In 201');">1');">1');">1');">1');">1');">1');">16, Plaintiff applied for and was awarded Supplemental Security Income (“SSI”) benefits under Title XVI of the SSA [Doc. 1');">1');">1');">1');">1');">1');">1');">1-2, pp. 25-36]. During the course of this application, he requested the Commissioner to consider evidence pertaining to his 201');">1');">1');">1');">1');">1');">1');">11');">1');">1');">1');">1');">1');">1');">1 claim. The Commissioner refused to reopen the 201');">1');">1');">1');">1');">1');">1');">11');">1');">1');">1');">1');">1');">1');">1 claim. Notwithstanding that, the Commissioner found Plaintiff disabled and awarded him benefits under Title XVI.
On February 1');">1');">1');">1');">1');">1');">1');">13, 201');">1');">1');">1');">1');">1');">1');">17, Plaintiff filed this complaint, challenging the Commissioner’s decision not to reopen his 201');">1');">1');">1');">1');">1');">1');">11');">1');">1');">1');">1');">1');">1');">1 claim. Plaintiff alleges in his complaint that “[t]he SSA refused to consider new and substantial evidence supporting a Title II SSDI claim for social security benefits (CFR 404.989) that would have changed the outcome of the claim.” [Doc. 1');">1');">1');">1');">1');">1');">1');">1, p.1');">1');">1');">1');">1');">1');">1');">1]. He filed with his complaint a three page type written letter.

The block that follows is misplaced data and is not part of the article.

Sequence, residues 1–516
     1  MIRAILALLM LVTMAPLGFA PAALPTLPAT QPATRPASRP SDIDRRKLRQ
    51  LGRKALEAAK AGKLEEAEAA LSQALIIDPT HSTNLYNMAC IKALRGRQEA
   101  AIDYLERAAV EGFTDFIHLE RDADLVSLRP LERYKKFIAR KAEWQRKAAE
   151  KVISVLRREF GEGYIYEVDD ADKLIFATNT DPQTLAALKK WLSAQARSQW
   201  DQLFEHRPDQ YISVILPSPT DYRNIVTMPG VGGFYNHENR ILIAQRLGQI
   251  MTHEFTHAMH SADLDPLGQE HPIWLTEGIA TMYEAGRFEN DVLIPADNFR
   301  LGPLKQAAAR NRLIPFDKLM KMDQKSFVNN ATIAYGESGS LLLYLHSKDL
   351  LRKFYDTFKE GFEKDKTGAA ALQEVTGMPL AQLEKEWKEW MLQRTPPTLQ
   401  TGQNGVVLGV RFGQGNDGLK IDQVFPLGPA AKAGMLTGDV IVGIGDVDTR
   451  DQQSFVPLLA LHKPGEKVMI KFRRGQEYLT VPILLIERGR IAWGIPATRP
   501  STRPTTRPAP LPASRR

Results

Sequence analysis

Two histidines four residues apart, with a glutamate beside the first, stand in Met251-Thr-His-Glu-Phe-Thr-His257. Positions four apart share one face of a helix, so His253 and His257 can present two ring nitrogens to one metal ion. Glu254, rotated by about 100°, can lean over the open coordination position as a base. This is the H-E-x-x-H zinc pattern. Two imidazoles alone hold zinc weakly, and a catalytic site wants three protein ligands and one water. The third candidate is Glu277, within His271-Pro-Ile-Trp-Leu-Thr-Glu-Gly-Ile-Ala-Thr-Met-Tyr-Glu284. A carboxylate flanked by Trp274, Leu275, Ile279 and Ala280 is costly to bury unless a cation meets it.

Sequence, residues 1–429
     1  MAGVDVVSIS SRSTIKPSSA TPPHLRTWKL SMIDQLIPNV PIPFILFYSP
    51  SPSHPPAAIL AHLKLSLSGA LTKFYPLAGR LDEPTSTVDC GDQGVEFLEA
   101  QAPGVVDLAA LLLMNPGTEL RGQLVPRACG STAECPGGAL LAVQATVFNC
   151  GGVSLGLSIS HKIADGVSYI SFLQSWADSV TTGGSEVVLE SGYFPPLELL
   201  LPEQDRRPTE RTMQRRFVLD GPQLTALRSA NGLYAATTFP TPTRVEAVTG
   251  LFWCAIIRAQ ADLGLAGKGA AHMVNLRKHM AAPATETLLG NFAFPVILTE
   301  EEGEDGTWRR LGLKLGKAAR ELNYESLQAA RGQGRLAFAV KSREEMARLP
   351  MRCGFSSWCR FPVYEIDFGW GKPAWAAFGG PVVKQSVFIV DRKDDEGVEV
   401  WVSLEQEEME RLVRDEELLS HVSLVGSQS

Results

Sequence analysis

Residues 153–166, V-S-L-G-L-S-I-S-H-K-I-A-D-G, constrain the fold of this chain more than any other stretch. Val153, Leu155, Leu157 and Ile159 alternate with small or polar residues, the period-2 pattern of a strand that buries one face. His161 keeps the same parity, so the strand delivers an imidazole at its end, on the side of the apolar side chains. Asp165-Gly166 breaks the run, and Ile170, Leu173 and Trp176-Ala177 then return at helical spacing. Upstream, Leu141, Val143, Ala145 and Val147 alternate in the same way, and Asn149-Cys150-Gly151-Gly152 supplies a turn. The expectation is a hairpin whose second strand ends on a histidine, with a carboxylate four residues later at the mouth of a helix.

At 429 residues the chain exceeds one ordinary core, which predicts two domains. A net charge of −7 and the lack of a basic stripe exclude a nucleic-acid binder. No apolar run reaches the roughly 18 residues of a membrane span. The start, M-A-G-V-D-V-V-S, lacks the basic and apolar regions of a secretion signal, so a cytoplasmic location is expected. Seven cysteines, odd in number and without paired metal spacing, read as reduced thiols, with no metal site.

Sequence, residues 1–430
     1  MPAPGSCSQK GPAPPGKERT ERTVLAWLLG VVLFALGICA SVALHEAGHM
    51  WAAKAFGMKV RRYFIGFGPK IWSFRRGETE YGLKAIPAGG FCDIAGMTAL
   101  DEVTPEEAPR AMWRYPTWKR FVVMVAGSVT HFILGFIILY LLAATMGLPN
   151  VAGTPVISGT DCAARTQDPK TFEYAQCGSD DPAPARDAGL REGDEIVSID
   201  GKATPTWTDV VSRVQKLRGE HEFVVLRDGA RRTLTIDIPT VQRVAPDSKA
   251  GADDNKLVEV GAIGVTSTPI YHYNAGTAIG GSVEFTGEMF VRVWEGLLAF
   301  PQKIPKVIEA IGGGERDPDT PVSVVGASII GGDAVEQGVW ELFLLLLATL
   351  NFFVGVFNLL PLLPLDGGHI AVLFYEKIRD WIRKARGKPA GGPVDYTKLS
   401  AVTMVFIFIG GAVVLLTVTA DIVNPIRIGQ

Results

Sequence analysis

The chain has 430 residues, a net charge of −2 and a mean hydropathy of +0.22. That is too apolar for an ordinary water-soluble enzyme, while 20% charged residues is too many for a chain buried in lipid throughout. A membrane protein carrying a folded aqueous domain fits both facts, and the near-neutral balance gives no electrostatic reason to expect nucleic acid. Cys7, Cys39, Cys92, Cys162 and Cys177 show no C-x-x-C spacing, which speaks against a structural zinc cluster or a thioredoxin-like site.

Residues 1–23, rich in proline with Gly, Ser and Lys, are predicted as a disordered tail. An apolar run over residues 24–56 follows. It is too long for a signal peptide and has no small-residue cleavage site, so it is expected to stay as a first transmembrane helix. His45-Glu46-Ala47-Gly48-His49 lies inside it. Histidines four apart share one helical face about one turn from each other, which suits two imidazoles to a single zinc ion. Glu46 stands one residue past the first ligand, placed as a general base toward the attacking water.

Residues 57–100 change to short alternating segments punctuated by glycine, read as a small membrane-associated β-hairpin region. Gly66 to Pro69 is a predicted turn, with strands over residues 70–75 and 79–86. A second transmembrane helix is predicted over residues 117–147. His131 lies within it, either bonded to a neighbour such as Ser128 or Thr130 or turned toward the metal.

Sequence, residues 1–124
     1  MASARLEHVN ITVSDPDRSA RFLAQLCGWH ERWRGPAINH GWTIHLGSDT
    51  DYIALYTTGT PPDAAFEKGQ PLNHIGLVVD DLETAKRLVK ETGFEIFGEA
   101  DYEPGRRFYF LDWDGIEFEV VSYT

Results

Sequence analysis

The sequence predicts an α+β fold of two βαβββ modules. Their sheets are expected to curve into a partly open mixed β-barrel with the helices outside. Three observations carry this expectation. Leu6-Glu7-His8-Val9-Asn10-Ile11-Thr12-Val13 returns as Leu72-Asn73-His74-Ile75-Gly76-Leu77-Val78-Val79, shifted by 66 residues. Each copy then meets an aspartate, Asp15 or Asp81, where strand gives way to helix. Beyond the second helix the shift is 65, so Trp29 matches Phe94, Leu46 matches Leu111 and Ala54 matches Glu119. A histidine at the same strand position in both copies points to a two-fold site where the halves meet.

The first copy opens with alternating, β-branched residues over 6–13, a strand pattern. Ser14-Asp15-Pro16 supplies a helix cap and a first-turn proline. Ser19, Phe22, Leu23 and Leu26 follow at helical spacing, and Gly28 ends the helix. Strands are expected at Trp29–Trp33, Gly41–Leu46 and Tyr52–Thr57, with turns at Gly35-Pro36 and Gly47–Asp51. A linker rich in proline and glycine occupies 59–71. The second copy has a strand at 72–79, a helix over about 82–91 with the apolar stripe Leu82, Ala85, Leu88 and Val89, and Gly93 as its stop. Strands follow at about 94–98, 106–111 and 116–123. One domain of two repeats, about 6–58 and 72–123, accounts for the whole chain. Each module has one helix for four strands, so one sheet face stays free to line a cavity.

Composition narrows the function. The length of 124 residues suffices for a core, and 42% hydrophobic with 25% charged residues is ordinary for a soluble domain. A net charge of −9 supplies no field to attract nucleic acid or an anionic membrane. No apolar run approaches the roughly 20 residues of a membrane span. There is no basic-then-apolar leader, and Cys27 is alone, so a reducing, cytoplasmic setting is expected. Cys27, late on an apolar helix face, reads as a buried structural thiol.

In this letter, Plaintiff first claims that he provided two items of new evidence he believes support his 201');">1');">1');">1');">1');">1');">1');">11');">1');">1');">1');">1');">1');">1');">1 claim that had not been reviewed by the ALJ [Doc. 1');">1');">1');">1');">1');">1');">1');">1-1');">1');">1');">1');">1');">1');">1');">1, p. 1');">1');">1');">1');">1');">1');">1');">1]. Plaintiff sought to present this material regarding his 201');">1');">1');">1');">1');">1');">1');">11');">1');">1');">1');">1');">1');">1');">1 claim at his 201');">1');">1');">1');">1');">1');">1');">16 SSI hearing and asserts he was told that the SSDI evidence “must be reviewed before the hearing officer can move on to SSI as the payment source for benefits. (Rule #404.989 CFR).” [Doc. 1');">1');">1');">1');">1');">1');">1');">1-1');">1');">1');">1');">1');">1');">1');">1, p. 1');">1');">1');">1');">1');">1');">1');">1]. Plaintiff next asserts that his 201');">1');">1');">1');">1');">1');">1');">16 hearing was postponed to permit a psychological consultation examination. He then alleges the following: